Several of the local NDP’s familiar faces were in attendance including Bobbi Stewart, who ran federally in Guelph this past May. Charlie Angus, NDP MP for Timmins-James Bay, was also on hand for the opening. Angus played some music, along with the candidate himself, and local favourite Tannis Slimmon. "Suddenly it's okay to for a musician to be an MP, and it's okay to bring music to politics," cheered Gordon before he broke into his first song of the night.”

Gordon’s got a lot of expectations on him being a familiar Guelph celebrity and an active activist in the community. As of last Wednesday, his campaign has raised $8,000 so far, and will be holding at least two other fundraiser, including one at Spice 11 on Monday.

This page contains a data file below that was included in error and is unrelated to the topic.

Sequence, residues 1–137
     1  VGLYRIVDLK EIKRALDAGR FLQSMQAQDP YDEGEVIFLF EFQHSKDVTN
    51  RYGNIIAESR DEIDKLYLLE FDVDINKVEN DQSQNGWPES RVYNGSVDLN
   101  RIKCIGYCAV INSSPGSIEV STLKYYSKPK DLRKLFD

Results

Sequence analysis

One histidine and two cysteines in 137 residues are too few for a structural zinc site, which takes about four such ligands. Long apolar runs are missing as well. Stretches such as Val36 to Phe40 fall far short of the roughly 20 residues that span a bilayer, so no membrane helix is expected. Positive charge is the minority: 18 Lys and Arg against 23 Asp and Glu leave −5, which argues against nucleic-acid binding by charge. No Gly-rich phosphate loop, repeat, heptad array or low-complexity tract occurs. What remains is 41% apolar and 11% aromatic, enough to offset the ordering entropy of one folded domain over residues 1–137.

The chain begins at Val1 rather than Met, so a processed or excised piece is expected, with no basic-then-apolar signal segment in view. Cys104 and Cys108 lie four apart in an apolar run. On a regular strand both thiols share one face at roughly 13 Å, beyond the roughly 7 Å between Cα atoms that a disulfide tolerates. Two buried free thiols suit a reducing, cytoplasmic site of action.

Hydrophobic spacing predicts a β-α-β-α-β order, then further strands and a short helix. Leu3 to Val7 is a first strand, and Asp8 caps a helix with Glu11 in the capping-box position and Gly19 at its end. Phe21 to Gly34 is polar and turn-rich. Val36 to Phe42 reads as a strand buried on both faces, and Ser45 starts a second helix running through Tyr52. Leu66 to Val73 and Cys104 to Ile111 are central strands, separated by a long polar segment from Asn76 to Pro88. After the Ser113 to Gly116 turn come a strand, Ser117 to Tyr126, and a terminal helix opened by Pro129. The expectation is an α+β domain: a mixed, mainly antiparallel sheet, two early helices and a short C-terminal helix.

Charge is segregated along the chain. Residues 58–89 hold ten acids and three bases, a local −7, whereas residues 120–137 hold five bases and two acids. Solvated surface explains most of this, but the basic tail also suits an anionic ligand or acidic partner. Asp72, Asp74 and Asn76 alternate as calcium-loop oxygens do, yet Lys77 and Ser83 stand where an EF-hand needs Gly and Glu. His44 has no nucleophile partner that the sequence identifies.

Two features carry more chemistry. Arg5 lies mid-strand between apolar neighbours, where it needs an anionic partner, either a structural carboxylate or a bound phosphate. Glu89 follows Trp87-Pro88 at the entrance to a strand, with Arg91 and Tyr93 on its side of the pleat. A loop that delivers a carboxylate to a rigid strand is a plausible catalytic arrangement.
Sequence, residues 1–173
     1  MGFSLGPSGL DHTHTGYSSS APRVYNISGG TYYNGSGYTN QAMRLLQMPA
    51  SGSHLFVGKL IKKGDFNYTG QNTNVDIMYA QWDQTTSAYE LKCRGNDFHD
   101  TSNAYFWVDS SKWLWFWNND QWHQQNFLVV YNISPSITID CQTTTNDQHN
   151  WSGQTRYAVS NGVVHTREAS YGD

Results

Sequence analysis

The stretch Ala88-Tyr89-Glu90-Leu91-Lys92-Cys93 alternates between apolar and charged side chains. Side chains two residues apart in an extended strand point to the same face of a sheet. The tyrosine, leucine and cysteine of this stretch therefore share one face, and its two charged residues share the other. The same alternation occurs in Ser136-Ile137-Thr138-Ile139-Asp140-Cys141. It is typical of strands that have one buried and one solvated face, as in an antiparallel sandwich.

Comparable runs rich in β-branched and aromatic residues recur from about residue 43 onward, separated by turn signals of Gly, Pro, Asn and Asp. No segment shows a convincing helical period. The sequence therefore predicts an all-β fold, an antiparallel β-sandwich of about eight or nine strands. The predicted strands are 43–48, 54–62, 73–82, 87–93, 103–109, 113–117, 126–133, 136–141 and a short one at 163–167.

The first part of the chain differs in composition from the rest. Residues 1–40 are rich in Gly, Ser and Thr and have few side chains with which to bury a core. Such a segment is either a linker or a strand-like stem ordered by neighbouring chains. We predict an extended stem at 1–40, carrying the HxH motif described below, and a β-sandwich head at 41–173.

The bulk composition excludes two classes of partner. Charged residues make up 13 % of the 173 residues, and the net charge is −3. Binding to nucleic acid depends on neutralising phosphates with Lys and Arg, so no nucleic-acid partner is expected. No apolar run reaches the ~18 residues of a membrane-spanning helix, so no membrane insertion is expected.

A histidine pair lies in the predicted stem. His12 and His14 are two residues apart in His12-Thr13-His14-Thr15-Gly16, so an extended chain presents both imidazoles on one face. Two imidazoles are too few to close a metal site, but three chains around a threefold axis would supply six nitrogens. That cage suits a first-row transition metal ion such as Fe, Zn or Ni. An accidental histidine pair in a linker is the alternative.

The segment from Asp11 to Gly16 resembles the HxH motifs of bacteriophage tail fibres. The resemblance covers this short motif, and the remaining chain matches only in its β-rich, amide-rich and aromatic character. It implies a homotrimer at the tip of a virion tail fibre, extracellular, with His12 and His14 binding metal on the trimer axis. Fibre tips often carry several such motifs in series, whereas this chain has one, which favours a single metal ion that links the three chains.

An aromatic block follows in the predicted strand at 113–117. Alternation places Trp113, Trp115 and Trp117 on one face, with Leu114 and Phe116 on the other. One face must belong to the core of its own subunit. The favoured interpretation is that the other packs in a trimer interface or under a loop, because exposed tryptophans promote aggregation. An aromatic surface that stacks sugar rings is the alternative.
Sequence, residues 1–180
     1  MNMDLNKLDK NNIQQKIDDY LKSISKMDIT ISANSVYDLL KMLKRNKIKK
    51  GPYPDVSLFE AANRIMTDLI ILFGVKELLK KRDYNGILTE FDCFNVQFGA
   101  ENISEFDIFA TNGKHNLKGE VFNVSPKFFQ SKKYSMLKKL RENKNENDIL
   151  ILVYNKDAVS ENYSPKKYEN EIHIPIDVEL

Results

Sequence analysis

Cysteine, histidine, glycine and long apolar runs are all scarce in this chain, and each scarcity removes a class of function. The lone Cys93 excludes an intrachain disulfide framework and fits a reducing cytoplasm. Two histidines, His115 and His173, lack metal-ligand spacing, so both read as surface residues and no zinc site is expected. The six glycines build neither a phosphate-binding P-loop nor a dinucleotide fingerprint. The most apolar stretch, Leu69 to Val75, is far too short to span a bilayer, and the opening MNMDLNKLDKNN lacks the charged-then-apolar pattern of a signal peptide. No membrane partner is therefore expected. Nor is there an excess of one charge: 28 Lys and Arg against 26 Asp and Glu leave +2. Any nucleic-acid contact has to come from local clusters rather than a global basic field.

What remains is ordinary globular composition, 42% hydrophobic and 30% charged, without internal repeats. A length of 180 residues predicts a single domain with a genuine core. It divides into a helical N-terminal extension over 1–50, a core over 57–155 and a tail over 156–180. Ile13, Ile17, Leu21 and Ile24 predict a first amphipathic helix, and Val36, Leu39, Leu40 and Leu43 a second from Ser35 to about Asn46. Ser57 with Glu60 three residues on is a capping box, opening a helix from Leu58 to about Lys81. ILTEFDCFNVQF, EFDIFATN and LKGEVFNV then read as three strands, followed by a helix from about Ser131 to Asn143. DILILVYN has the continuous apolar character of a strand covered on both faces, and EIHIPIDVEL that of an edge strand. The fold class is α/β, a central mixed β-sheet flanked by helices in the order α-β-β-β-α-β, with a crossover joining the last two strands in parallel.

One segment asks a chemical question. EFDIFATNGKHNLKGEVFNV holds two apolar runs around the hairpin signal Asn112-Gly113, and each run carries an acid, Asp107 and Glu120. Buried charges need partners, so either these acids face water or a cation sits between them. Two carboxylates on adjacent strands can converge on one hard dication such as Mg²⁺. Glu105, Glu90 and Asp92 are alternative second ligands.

Dyck Moves

Green Party candidate Steve Dyck has been quietly building support, but this Sunday he has his first big campaign event, a dinner and silent auction with special guest Mike Schreiner, Leader of the Green Party of Ontario. The dinner begins as 5 pm at the Woolwich Arms, or the Wooly to the those in the know, and includes salad, choice of meat or vegetarian lasagna and dessert. Tickets are $50 each and are available to purchase by calling the campaign office 519-780-5193. In the meantime, I stopped by the Guelph Greens website to see if, at the start of this election season, it was back up and running at full capacity. It wasn’t

For the latest campaign news go to http://guelphpolitico.blogspot.com/